For more information contact: Cindy Klapperich, firstname.lastname@example.org
SEIZE THE DAY! (Published in The Sargent County Teller, 04.23.21/2021 issue.)
Nothing Says Spring Like this Veggie
What veggie can be eaten raw, grilled, steamed or roasted, is fairly hardy and can grow wild among grass, and when eaten raw has a taste similar to fresh garden peas? If you guessed asparagus, you’re right! It is a vegetable that just seems to shout “spring,” right?
The NDSU Extension Family and Community Wellness agent in Cavalier county, Katie Henry, is a friend and colleague who tells the story of an asparagus “farm” that grew along a shelter belt that was just down the road from where she lived as a child. As she tells it, people could go pick all of the asparagus they wanted and leave their money in a little cash box under the tree at the end by the road, on the honor system. She considered it to be a fun adventure to go asparagus hunting among the grass when she was a youngster.
Asparagus may be harvested from about mid-May until the third week in June, beginning in its third or fourth season of growth, not earlier. The shoots are best cut when 6-10 inches tall. If they get taller than that, they tend to be “woody.” New shoots may be cut as often as every other day if temperatures and moisture conditions are favorable.
Asparagus should not be harvested any later than the third week of June so that the plant can rejuvenate itself for the next year. Asparagus plants, once established, can produce for up to 20 years.
To harvest asparagus, push a knife into the soil close to the shoot, cutting it slightly below the soil surface, or simply snap the shoot off with your fingers. As with all fresh fruits and vegetables, be sure to rinse with clear running water and a slight amount of friction before eating it or preparing it for a recipe.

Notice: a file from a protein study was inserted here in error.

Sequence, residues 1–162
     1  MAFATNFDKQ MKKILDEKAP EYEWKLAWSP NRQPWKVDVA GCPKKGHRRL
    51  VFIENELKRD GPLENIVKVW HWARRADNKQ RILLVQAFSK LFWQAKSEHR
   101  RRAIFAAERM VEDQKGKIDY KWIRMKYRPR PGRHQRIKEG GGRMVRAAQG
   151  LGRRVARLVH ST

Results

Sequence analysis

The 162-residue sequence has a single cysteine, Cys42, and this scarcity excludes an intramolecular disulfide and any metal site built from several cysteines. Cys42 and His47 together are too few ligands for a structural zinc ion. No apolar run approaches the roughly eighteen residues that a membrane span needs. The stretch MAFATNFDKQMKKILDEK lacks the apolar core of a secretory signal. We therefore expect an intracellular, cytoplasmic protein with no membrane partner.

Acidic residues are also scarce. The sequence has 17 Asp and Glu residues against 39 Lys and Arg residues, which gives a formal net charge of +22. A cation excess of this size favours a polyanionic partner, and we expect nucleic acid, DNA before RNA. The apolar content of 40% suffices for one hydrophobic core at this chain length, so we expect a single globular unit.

NDSU Extension’s publication H61 “Asparagus and Rhubarb” has detailed information about growing and caring for asparagus. The publication is available online at https://www.ag.ndsu.edu/publications/lawns-gardens-trees/asparagus-and-rhubarb, or upon request to email@example.com or by calling the NDSU Extension office in Sargent county at 701-724-3355.
If you don’t grow your own or have any luck out asparagus hunting in ditches, don’t despair; it is commonly available in grocery stores. As with fresh-picked asparagus, be sure to thoroughly rinse the asparagus spears and cut off about one-half inch to one inch at the bottom of the spears to prepare them for eating.
For optimal results, store asparagus as a bundle after cutting off about one-half inch of the bottom of the stalk and place the bundle upright in a wide-mouth glass with one-half inch of water in it, then loosely cover with a plastic food/produce bag.
Asparagus provides nutrients such as fiber, potassium (an essential mineral), and vitamins A, C, E, K and folate, all for an extremely low calorie cost of just 3 calories per spear. Asparagus is also rich in antioxidants, with the potential to reduce inflammation. One health note to be aware of is that because of its vitamin K content, persons who use blood thinner medications should check with their health care professional before consuming asparagus in order to avoid a possible food-drug interaction.
The filling in “Impossible Brunch Pie” is a delicious combination of asparagus, ham or bacon, eggs, cottage cheese and sour cream, and it makes its own pie crust! Contact me if you’d like the recipe, or find it online at https://www.ag.ndsu.edu/food/recipes/vegetables/impossible-brunch-pie.
Sources: NDSU Extension Publication H61, NDSU Extension Field to Fork Calendar, and Katie Henry, NDSU Extension FCW agent.